Chemistry

Inside sourdough, the microorganisms will feed on the flour to produce alcohol and acids. The lactic and acetic acids are what gives sourdough bread its sour. The alcohol, and other fermentative by-products are what produces its distinctive flavors. After several days of feeding and fermenting, the sourdough is ready to be used. We call this the “mother dough.” When this “mother dough” is added to the bread dough in production, it helps leaven the bread.

During fermentation of sourdough, the rheology of the dough becomes more extensible3. Over fermented sourdough becomes very slack. This is due to the reductive compounds (glutathione) being accumulated. These reductive compounds act like dough-reducing agents to improve pan flow.4

The dosage of sourdough on flour weight can vary from 5% to 50%. The average fermentation time in a bakery will range from 6 to 24 hours.

You can compare sourdough to everything else that is fermented: wine, cheese, yogurt, beer and sausages. In all these products, the microorganisms play the same role like in sourdough: producing acids, esters, alcohol and carbon dioxide (CO2). As can be expected with nature, time changes the flavor and the texture during the fermentation. With aging, products develop more flavor and taste. This also holds true for breadmaking. The longer the process, the deeper the flavor. Therefore, time is the most important ingredient in making great tasting sourdough bread.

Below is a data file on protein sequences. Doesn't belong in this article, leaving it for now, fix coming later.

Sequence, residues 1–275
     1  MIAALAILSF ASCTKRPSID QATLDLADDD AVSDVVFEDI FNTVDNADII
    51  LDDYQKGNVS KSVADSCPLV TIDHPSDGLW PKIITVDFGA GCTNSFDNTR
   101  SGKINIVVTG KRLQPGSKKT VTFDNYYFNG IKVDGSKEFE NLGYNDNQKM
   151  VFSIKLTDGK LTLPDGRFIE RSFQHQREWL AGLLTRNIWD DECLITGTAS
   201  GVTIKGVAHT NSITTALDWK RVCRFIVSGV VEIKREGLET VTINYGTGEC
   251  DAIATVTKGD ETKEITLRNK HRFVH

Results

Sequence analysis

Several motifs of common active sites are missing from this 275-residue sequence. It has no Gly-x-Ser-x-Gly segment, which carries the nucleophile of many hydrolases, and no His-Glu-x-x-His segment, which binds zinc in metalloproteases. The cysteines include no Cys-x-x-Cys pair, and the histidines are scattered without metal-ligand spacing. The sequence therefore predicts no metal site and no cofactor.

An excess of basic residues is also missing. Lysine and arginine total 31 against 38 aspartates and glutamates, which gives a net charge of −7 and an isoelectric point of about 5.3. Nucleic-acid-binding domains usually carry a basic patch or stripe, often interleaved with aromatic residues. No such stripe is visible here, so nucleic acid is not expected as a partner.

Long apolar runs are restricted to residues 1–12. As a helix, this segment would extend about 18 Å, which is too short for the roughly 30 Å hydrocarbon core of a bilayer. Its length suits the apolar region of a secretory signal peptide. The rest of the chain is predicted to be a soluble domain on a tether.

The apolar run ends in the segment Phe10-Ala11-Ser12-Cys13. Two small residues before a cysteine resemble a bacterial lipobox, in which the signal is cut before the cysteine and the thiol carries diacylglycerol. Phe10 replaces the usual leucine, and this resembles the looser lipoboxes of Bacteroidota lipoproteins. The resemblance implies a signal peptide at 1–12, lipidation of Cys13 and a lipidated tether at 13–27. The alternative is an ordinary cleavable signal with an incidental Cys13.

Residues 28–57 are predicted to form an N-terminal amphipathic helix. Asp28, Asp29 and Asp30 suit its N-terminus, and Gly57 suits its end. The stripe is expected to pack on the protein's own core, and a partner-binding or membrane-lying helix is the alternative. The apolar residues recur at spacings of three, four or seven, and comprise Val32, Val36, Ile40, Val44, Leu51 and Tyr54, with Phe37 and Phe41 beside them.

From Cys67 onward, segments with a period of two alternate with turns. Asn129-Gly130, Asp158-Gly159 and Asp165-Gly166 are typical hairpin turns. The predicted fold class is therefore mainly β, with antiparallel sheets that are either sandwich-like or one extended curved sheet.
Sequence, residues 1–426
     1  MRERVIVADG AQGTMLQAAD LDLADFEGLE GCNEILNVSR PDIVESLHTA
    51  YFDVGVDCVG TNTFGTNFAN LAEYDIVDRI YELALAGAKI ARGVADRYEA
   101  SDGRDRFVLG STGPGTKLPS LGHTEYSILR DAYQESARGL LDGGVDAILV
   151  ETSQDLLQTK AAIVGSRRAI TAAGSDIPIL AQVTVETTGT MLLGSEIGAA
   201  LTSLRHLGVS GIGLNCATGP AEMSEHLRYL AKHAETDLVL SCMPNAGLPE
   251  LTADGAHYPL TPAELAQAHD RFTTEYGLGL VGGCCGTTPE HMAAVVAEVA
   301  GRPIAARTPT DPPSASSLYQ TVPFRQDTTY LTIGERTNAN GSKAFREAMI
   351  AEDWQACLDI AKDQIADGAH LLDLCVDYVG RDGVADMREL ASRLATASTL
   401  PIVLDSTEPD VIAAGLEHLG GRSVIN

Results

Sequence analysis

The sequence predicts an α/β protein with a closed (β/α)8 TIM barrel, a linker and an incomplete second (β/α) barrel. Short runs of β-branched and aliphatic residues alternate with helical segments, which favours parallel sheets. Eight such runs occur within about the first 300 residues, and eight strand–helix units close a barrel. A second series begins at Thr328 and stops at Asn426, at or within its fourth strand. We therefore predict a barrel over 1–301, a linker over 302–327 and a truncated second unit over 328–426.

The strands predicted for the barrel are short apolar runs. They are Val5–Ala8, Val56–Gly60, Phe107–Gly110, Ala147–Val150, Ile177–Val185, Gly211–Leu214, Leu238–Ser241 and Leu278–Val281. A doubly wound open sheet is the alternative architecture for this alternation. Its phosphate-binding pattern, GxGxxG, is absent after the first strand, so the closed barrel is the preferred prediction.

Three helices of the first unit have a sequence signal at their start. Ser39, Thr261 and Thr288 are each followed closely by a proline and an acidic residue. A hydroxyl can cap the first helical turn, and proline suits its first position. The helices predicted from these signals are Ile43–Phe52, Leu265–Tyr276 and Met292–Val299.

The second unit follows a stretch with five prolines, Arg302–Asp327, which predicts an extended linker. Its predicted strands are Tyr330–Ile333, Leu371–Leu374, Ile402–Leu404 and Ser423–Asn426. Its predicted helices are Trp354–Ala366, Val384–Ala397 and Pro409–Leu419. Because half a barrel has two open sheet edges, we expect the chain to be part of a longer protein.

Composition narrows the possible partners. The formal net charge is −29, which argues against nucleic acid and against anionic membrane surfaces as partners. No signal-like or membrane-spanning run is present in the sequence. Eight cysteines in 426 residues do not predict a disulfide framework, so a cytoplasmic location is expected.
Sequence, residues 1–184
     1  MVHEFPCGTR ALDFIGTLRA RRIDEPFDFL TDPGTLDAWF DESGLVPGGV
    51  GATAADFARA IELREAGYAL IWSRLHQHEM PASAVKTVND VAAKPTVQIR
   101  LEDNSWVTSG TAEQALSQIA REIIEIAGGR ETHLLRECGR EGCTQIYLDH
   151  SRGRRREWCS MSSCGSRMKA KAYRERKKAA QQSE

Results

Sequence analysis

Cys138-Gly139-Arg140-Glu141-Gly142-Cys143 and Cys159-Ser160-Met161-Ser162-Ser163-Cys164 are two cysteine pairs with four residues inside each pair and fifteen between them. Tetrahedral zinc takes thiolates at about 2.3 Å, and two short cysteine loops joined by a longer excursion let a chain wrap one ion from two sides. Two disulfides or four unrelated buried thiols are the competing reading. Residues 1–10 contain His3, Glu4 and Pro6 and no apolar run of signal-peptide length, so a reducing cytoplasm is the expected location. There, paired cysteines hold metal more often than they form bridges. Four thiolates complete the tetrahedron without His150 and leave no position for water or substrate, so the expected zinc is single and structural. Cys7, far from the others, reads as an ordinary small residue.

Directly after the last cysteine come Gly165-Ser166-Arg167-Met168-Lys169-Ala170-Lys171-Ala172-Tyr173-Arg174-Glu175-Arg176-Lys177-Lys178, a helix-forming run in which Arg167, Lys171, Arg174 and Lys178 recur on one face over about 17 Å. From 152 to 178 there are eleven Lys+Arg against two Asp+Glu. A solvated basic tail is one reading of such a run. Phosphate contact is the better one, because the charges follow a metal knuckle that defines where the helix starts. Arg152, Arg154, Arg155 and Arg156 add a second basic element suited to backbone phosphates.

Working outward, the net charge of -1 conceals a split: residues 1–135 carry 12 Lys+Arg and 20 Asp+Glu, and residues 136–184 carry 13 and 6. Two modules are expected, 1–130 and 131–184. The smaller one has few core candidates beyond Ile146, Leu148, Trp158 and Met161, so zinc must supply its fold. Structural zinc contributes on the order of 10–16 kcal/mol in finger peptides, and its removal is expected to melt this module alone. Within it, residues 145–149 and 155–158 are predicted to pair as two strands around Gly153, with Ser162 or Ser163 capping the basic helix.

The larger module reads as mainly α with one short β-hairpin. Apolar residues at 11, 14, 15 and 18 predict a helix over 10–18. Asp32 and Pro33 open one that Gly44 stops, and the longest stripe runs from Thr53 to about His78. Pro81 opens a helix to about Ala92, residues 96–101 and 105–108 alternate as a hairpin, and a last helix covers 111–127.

Types of Dough

There are as many sourdough as there are the people who make it. Every sourdough is unique due to the flour, microorganism, the temperatures, other ingredients or parameters that are used.

Some bakers have used raisin juice, grated apple, yogurt, honey, and water in which oranges were soaked, etc. In addition, the environment where sourdough is made, will contain particular airborne micro-organisms. These, in combination with different fermentation temperatures, will deliver distinctive flavors to sourdough. These are the reasons why there are so many types of sourdough.

Some sourdough recipes contain more water. Therefore, they are more runny in consistency. Depending on the type of flour that is used, the color will vary from a white to yellow, or creamy to brown.